Behavioral economists have identified many ways that our own thought processes can lead us down bad financial paths. And now comes word that one such thought process—”framing”—may have led generations of retired workers to make a bad choice in one of the most important financial decisions: when to begin taking Social Security benefits.
If you’re eligible for benefits (you’ve paid in to the system for at least 10 years), you could opt to begin receiving benefits as early as age 62, and that’s what a majority of today’s recipients chose.
However, if you wait until your “Full Retirement Age” (65-67, depending on when you were born), you will receive a much higher monthly amount. And if you wait until age 70, you’ll receive still more.
It’s a vitally important decision, and one that requires taking many factors into consideration—your financial need, life expectancy (the longer you live, the more total benefits you will receive by claiming later), desire to continue working (if you claim earlier than your full retirement age, every two dollars you earn over $15,120 reduces your Social Security benefits by $1), and more.
Now you can add another factor into the mix: the words used in describing the decision at hand.
As reported by US News,
[The researchers] found that framing the decision in terms of gains or losses led to different consumer choices. For example, the decision to take benefits early could be described as “gaining benefit dollars” or “losing future dollars.” Likewise, the decision to defer benefits to a later age could be couched as either a gain via higher benefit payments or a loss of benefits that were not received in earlier years.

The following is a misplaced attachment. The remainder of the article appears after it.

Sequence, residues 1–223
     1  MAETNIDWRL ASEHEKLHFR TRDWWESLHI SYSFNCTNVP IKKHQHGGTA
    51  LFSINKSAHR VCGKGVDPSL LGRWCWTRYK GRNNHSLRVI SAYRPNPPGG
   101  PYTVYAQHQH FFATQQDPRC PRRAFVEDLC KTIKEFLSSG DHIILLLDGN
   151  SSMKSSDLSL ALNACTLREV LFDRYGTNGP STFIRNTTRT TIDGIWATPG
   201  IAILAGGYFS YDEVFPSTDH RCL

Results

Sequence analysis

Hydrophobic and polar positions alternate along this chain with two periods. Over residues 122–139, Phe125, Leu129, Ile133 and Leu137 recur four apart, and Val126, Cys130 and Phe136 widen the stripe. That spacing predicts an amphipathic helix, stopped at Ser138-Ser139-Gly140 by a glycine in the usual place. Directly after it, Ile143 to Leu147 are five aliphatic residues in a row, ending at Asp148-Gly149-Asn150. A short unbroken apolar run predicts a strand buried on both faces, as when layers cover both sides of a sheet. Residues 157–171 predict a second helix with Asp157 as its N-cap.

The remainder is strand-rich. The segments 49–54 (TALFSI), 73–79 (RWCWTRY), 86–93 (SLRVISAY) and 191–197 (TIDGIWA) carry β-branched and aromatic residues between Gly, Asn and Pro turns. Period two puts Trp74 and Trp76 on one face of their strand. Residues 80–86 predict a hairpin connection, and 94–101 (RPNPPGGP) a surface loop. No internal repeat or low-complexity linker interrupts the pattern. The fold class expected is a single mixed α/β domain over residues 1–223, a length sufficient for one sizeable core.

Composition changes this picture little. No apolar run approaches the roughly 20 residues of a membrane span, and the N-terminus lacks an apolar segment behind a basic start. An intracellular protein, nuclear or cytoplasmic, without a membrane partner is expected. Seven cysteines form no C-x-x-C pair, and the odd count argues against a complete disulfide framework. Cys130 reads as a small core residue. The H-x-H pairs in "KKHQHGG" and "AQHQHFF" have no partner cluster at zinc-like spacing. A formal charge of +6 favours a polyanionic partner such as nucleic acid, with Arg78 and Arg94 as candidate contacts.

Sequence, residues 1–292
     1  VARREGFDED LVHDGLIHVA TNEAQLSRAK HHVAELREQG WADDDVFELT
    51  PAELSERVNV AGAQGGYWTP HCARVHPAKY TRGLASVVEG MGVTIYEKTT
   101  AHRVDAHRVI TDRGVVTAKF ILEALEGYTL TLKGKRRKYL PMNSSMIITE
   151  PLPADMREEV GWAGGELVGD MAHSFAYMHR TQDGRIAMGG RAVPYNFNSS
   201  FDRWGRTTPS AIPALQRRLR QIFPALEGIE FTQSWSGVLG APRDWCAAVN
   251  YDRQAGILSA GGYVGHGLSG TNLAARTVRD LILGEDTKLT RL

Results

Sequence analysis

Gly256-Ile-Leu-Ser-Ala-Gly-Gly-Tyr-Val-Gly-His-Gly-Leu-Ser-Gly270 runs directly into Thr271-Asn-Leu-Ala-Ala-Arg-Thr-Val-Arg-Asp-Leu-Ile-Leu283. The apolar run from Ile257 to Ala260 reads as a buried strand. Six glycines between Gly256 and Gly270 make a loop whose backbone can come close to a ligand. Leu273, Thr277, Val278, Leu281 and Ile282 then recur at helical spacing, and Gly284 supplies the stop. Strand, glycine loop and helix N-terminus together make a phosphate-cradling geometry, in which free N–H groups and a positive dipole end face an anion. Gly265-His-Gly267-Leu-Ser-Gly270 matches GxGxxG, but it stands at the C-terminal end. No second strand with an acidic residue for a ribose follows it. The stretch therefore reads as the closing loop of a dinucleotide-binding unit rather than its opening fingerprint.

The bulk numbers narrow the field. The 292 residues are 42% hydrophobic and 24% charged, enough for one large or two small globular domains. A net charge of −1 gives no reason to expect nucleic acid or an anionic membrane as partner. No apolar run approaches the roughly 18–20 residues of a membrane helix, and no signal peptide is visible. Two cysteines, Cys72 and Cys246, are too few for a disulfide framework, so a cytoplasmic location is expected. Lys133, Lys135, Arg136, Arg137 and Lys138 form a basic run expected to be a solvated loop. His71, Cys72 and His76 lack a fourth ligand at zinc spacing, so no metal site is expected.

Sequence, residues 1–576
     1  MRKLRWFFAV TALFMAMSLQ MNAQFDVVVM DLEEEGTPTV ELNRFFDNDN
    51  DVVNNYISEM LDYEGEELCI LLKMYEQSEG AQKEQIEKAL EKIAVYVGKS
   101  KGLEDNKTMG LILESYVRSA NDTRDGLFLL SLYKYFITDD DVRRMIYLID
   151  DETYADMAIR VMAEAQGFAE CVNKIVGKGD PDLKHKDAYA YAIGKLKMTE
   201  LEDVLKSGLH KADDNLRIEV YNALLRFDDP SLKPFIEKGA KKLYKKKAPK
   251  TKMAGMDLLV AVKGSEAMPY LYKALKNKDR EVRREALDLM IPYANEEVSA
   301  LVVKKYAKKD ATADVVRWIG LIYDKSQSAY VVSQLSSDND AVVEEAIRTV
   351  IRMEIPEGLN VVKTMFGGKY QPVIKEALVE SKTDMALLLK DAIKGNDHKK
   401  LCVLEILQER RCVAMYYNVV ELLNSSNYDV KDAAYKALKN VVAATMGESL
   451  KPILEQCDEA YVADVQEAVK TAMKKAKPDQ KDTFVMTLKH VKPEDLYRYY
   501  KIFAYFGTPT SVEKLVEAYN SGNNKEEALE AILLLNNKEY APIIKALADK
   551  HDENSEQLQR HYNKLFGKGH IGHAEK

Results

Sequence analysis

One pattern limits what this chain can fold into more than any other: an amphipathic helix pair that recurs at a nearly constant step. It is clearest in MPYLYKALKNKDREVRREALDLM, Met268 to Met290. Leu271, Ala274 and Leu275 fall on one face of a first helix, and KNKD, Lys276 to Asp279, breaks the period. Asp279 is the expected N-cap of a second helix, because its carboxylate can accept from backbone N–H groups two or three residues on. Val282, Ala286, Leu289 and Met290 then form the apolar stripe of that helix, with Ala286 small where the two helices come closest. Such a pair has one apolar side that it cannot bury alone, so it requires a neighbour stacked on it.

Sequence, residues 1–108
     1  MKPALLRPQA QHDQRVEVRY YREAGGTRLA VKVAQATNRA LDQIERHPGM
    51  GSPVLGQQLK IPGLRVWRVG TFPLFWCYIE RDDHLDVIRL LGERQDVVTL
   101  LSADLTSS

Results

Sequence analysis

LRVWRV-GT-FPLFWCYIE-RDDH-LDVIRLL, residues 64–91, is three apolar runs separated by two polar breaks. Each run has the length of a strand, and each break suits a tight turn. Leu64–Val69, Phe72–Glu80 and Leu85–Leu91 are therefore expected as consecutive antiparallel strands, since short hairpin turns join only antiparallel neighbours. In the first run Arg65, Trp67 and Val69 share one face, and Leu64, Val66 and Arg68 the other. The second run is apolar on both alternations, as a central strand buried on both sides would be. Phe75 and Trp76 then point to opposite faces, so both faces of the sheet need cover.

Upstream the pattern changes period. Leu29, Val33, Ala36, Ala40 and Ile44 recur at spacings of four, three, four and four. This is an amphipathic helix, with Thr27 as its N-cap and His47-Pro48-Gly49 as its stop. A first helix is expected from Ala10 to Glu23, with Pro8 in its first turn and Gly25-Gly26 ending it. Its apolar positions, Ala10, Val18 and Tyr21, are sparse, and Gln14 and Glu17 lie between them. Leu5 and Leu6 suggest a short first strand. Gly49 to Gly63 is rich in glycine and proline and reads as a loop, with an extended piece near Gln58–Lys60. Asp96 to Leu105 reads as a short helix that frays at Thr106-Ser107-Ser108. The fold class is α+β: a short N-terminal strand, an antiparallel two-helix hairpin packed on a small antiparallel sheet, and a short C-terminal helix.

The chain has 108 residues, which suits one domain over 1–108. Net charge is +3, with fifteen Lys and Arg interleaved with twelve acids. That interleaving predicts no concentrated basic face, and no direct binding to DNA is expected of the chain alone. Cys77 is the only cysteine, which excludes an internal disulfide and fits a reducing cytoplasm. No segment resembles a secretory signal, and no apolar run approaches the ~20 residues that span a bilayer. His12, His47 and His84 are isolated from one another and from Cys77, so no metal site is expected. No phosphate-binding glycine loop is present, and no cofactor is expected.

The researchers found that another “cognitive bias” also came into play: anchoring. This is what you experience when you visit a restaurant offering prime rib for what seems like an exorbitant price of $45. By comparison, $25 for the top sirloin seems reasonable.
In the Social Security study, participants who were asked to consider the implications of taking benefits at age 62 were compared with those who considered the implications of taking benefits at age 66.
Framing the decision in terms of gaining higher benefit payments by waiting and anchoring it in an age-66 scenario led to later claiming.
The study also found that framing the decision with a break-even analysis leads to earlier claiming. This analysis compares the accumulated benefits over time of claiming at age 62 vs. claiming later. For many people, seeing that they would have to live until their late 70s in order for a Full Retirement Age claim date to pay off makes waiting seem like “a risky gamble.” That, despite the fact that they may have a high likelihood of living even longer, which would make waiting until their Full Retirement Age the more lucrative decision.
The Social Security Administration used to have a break-even analysis calculator on its web site, but removed it after discovering that it was heavily influencing people to claim early.
According to the researchers,
The financially less literate, individuals with credit card debt and those with lower earnings are more influenced by framing than others.
Where else have you seen framing and anchoring influence some of your financial decisions?
By Matt Bell
Matt Bell is Sound Mind Investing’s Associate Editor. He is the author of three personal finance books published by NavPress, leads workshops at churches and universities throughout the country, and has been quoted in USA TODAY, U.S. News & World Report, and many other media outlets.